Amtor

The Amtor or Venus Series is a science fantasy series consisting of four novels and one novelette written by American author Edgar Rice Burroughs. Most of the stories were first serialized in Argosy, an American pulp magazine. It is sometimes known as the Carson Napier of Venus Series, after its main character, Carson Napier. Napier attempted a solo voyage to Mars, but, because of mistaken navigational calculations, he finds himself heading toward the planet Venus instead. The novels, part of the Sword and Planet subgenre of science fiction, follow earthman Napier's fantastic adventures after he crash-lands on Venus, called Amtor by its human-like inhabitants. Unlike Barsoom, the desert planet of Mars, these stories are set upon a waterworld like Earth. Most of the events of the series take place on the island of Vepaja, the kingdom of Korva on the island of Anlap, and the city-states of Havatoo and Kormor on the tropical continent north of Vepaja.

As is common in Burroughs' works, the hero is bold and daring, and quickly wins the heart of the Vepajan princess (or janjong) Duare, though class prejudices long inhibit her from expressing her love. Napier meets many varied peoples, including the Vepajans, refugees from an overthrown empire; the Thorists, thinly disguised communists who ran the Vepajans out of what is now the Thoran empire; pirates; the super-scientific eugenicists of Havatoo; the zombies of Kormor; the fascistic Zanis of Korva; and the hideous Cloud People.

In the course of his adventures within the series, Napier becomes a pirate (twice), escapes from the dread Room of the Seven Doors, and is finally made a prince, or tanjong, of Korva after the overthrow of the Zanis. Napier also rescues princesses from incomparable dangers innumerable times.

Amtor/Venus Series
Pirates of Venus
Pirates of Venus, first edition


AuthorEdgar Rice Burroughs
CountryUSA
LanguageEnglish
Published1934-1964
No. of books5

Amtorian geography

Amtormap
1934 map of Amtor drawn by Edgar Rice Burroughs for the end-papers of his Venus books.

Amtor is a verdant world shielded from the heat of the sun by a (nearly) perpetual cloud cover. The portion depicted, largely confined to the southern hemisphere's temperate zone (or Trabol, as it is known to its inhabitants), is primarily oceanic, but includes two continents and a number of large islands.

The main continent is Thora, extending also far into the tropical zone of Strabol and the arctic zone of Karbol -– possibly as far as the south pole. The Great and Small Circles correspond to the Antarctic Circle and Tropic of Capricorn on Earth (although Burroughs does erroneously state in the second book, Lost on Venus, that the Small Circle is the equator, and Strabol in the Northern Hemisphere, forgetting that the tropics are on both sides of the equator). Several smaller land masses projecting into Trabol from Karbol appear to be peninsular extensions of Thora; these include Bombaj, Ator, Rovlap, Vodaro, and Vaxlap. Interspersed among these are the great islands of Ganfal, Malpi, Donuk, Movis, Nor, Anlap, Vepaja, Trambol, and Zanbo. The unnamed second continent is a largely tropical landmass north of Vepaja and west of Thora.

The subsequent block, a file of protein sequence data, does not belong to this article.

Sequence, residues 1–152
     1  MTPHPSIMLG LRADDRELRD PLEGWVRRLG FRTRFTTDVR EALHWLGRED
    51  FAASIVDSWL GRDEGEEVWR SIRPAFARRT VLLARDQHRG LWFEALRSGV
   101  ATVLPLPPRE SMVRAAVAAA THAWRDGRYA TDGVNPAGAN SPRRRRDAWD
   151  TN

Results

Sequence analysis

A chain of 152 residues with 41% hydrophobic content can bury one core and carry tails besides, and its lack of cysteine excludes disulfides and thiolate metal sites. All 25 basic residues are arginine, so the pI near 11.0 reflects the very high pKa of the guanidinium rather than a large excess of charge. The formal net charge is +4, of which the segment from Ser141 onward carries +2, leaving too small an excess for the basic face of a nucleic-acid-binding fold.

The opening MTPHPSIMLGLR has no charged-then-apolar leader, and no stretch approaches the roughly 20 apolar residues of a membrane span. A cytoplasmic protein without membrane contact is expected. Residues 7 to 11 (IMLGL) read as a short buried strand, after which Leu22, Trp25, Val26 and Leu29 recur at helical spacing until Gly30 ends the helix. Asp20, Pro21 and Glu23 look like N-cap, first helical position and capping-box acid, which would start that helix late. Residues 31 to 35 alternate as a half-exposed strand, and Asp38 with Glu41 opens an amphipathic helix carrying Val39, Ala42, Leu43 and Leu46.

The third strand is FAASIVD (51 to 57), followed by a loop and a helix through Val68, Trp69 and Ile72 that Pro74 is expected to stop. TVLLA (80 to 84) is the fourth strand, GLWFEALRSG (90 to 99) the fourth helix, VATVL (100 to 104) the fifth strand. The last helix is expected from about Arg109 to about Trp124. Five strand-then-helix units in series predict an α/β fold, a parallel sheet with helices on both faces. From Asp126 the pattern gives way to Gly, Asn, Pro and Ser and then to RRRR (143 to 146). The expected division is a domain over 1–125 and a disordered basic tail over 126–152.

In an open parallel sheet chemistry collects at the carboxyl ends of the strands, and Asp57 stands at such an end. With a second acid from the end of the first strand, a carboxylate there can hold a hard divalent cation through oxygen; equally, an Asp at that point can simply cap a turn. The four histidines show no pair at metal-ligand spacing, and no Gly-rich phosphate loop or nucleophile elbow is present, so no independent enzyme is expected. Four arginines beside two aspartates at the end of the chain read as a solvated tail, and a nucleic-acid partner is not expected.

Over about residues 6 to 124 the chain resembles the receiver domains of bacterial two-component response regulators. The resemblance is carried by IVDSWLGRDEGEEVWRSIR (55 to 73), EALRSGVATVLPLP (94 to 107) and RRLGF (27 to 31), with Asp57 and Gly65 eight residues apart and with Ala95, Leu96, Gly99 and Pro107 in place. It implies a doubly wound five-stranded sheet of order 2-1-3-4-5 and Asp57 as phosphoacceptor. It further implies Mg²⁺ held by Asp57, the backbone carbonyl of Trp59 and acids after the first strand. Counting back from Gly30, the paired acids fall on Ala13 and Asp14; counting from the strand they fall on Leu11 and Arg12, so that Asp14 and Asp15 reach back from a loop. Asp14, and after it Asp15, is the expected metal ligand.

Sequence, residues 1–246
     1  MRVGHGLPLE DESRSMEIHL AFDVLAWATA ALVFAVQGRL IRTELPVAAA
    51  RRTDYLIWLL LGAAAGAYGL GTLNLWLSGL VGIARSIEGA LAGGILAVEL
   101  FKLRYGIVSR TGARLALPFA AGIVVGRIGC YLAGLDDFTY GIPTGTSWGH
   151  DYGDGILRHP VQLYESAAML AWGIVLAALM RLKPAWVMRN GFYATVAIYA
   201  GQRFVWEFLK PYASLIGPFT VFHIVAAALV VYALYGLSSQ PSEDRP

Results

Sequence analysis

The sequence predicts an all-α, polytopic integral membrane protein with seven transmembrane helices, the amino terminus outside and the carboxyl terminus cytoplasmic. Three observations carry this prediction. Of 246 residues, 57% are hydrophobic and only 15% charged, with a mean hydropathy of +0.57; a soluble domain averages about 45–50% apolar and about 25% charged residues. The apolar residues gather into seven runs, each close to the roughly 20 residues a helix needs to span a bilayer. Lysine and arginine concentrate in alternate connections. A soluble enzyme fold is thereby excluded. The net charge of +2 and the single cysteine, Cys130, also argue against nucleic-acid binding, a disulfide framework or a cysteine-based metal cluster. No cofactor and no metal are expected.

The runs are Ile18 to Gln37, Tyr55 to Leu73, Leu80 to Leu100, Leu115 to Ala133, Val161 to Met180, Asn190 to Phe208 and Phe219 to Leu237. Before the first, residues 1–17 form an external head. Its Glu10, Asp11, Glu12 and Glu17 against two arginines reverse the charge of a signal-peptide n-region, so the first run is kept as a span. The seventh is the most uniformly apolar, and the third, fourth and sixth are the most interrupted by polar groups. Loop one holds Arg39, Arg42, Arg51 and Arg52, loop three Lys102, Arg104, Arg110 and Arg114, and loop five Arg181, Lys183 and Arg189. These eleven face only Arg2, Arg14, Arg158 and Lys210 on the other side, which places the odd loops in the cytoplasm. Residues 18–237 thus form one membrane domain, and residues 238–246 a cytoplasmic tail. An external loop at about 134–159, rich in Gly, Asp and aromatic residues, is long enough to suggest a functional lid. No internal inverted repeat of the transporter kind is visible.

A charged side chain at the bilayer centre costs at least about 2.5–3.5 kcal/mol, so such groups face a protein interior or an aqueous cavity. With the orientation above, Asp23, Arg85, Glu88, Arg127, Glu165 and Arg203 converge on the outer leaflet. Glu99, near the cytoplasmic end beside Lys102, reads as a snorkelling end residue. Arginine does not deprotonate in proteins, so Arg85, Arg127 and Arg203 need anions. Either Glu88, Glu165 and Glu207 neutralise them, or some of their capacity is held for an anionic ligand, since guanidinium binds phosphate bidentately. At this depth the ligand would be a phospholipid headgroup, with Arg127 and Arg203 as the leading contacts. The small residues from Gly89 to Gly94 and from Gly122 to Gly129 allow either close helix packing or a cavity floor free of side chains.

Amtorian vegetation, particularly on Vepaja, tends to be gigantic. Vepaja is notable for the enormous forests Napier first encounters upon his arrival, with trees reaching into the inner cloud envelope. Elsewhere, the geography of Amtor is more varied, and he also travels through a dismal pine forest, grassland plains, glacial valleys, and several mountain ranges. Amtorian animals likewise tend to be larger than their Earthly equivalents, and the large species are much more common than they are on Earth, which makes them much more dangerous than Earth fauna and has helped limit exploration of the planet by its natives.

The other impediment to communication, Amtor's quirky cartography, stems from the inhabitants' bizarre cosmology, which at least in the southern hemisphere where Napier lands holds that the world is a flat disc floating on a burning sea of lava, with a rim of ice and a center of fire. As the "rim" is actually the south pole, and the "center" the equator, Amtorians have an extraordinarily distorted, backward view of their planet's surface, and their maps are warped accordingly. Due to the near-perpetual overcast, they have no celestial markers to correct their geographical mismeasurements, let alone on which to base the concepts of a solar system, other worlds, or the stars. On those rare occasions when the sun does appear through a hole in the clouds, its searing light and heat (twice that on Earth) starts to burn everything; at night, when a hole reveals a few stars, the Amtorians think they are "sparks" from the lava sea supposedly surrounding the planet, and are thus unaware that they are fixed, and have never tried plotting them. All this also means that, unlike Napier, they do not suspect that the northern hemisphere even exists. Napier tries to correct them, but they subscribe to a "theory of relative distance" formulated by one of their scientists, Klufar, and would not accept Napier's correction. The difference between the observed and theoretical versions of geography are reconciled by a pseudo-scientific "Theory of Relativity of Distance", which resolves the problem by multiplying by the square root of minus one. Napier finds it difficult to counter this rationale, noting that "You cannot argue with a man who can multiply by the square root of minus one." Such wry digs are typical of the series. Ironically, Napier finds the simpler Thorans more amenable to his ideas (including believing that he came from another planet) than the more sophisticated Vepajans.